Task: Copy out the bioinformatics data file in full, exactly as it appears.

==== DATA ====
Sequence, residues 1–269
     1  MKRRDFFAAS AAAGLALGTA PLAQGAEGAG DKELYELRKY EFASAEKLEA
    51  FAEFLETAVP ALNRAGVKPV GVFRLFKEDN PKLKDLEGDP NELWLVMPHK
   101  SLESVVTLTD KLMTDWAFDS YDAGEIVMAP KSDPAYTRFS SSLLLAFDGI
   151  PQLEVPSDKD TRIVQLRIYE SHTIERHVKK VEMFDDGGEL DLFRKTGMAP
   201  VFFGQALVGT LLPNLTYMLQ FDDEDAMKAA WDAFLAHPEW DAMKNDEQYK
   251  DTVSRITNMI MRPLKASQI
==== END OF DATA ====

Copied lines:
Sequence, residues 1–269
     1  MKRRDFFAAS AAAGLALGTA PLAQGAEGAG DKELYELRKY EFASAEKLEA
    51  FAEFLETAVP ALNRAGVKPV GVFRLFKEDN PKLKDLEGDP NELWLVMPHK
   101  SLESVVTLTD KLMTDWAFDS YDAGEIVMAP KSDPAYTRFS SSLLLAFDGI
   151  PQLEVPSDKD TRIVQLRIYE SHTIERHVKK VEMFDDGGEL DLFRKTGMAP
   201  VFFGQALVGT LLPNLTYMLQ FDDEDAMKAA WDAFLAHPEW DAMKNDEQYK
   251  DTVSRITNMI MRPLKASQI